Check inputs to ensure they’re customer approved

Manipulator, a plant growth regulator recently registered for wheat in Canada, 
hasn’t been approved in the United States yet

crop spraying

End-users and regulators are literally putting your grain under the microscope, measuring residues in the parts per trillion. That puts the onus on farmers to deliver grain that meets their standards or risk rejection.

So, before applying inputs farmers should consult agri-retailers and grain buyers about what products markets are accepting and follow label directions on the inputs they use, Canadian grain industry officials advise.

“Before a product is used make sure that somebody’s not going to say ‘no’ when you drive the truck up to the elevator,” Cereals Canada executive director Cam Dahl said in an interview.

Just because an input is registered in Canada doesn’t mean it has been approved everywhere.

That’s the case with Manipulator (chlormequat), a growth regulator registered in Canada last September for use on all types of wheat. Engage Agro, the company selling it here says Manipulator reduces wheat height, reduces lodging and boosts yield. But while chlormequat has been used in Europe for 30 years, it has not been approved yet for wheat in the United States, said Engage Agro product manager Tom Tregunno.

Since there’s no maximum level of residue (MLR) set for chlormequat in the U.S. for wheat, zero is the limit by default. As a result Canadian wheat containing traces of chlormequat could be rejected in the U.S.

“Farmers need to talk to their buyers ahead of time,” said Wade Sobkowich, executive director of the Western Grain Elevator Association, which represents Canada’s main grain companies.

“Knowledge is what we need when it comes to this and then we can plan our shipping accordingly.”

Policies about buying wheat treated by chlorme-quat or other inputs will vary among companies, by location, and even the time of year, Sobkowich said. Elevators that don’t normally export wheat to the U.S. might have few, if any, restrictions. Other elevators might decide to segregate the wheat while others might not buy it at all.

“If farmers talk to their elevator then they can decide whether they should use the product, or, if they do use the product, if they can deliver it,” Sobkowich said. “They can find out if they are inadvertently removing themselves from a potential market by using it or if it does not matter.”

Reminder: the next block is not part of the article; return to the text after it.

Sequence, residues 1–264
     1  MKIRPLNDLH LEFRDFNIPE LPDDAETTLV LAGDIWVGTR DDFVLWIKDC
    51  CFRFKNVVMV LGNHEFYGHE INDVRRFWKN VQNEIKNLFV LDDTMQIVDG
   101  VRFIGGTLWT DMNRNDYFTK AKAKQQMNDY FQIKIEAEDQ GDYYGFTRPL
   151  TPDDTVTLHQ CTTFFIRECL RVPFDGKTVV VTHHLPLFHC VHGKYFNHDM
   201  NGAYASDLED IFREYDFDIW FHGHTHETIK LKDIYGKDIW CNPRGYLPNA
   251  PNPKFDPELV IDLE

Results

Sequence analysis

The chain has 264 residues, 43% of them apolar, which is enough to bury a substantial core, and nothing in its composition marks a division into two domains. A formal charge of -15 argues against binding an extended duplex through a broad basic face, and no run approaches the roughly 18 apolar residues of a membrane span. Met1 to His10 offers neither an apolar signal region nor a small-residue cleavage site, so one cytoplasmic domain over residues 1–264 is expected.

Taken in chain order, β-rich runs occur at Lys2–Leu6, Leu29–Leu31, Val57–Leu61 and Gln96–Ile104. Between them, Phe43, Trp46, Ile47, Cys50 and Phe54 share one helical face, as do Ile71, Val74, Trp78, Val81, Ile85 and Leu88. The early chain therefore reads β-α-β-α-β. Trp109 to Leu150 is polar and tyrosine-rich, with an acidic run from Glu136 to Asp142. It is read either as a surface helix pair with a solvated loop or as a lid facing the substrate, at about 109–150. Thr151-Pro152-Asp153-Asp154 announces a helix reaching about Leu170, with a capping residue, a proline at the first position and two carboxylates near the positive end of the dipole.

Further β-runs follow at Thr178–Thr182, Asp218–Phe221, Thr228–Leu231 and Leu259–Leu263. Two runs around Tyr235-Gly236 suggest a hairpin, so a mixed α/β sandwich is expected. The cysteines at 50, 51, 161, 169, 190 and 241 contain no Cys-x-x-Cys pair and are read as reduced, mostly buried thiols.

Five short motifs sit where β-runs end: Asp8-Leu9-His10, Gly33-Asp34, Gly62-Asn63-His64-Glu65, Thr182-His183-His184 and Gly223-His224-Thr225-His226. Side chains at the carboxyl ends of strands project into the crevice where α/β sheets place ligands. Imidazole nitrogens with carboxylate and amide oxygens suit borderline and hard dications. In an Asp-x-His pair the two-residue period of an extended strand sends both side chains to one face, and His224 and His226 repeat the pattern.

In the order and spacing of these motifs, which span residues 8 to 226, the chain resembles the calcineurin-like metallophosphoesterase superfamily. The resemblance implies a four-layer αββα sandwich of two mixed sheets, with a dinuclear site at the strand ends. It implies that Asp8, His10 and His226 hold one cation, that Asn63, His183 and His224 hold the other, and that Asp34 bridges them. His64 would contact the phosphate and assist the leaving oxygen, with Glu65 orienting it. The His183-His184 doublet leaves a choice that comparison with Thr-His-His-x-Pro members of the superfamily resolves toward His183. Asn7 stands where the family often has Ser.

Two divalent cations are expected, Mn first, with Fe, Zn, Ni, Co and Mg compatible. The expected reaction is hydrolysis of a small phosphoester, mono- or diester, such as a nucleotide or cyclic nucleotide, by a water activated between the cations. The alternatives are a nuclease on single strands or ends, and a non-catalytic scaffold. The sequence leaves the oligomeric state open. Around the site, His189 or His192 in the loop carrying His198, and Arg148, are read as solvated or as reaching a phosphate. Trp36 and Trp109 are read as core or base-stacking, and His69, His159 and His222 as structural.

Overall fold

Awareness of end-users’ concerns is not new. The Canola Council of Canada has warned farmers for years not to spray malathion in bins used to store canola.

Canada’s maltsters also don’t want farmers applying desiccants, including glyphosate, to malting barley.

But increasingly farm practices are under scrutiny, said Dahl, adding that it’s not all bad because Canada has a strong regulatory system and positive story to tell.

“So the impact of being outside the lines — whether those are technical lines or not — are greater,” he said. “And at the same time our ability to test (for trace substances) is significantly improving. We’re testing down to one part per trillion… when your tolerance is zero one part per trillion is not zero.”

Buyers’ concerns aren’t restricted to pesticides and plant growth regulators. Mycotoxins, some of which develop when grain is in storage, crop traits developed through genetic engineering or the adventitious presence of genetically modified crops can cause buyers to reject shipments.

Currently there’s no list of input residues importers have zero or low tolerances to in cereal shipments, but it’s something the grain industry and the federal government are working on, Dahl said.

Engage Agro has geared down its Manipulator spring sales program, given the product hasn’t been approved on wheat in the U.S. yet.

“If guys have question we will give them the information,” Tregunno said.

Seed growers are still potential customers because they sell their crop domestically for seed, instead of export.

“Obviously we’ve cut back on shipments into Canada so supply is relatively low relative to what we originally forecasted,” Tregunno said.

“We see a real fit in Manitoba where the yield potential is high and there are a lot of innovative growers that really want to push it.”

About the author


Allan Dawson

Allan Dawson is a reporter with the Manitoba Co-operator based near Miami, Man. Covering agriculture since 1980, Dawson has spent most of his career with the Co-operator except for several years with Farmers’ Independent Weekly and before that a Morden-Winkler area radio station.



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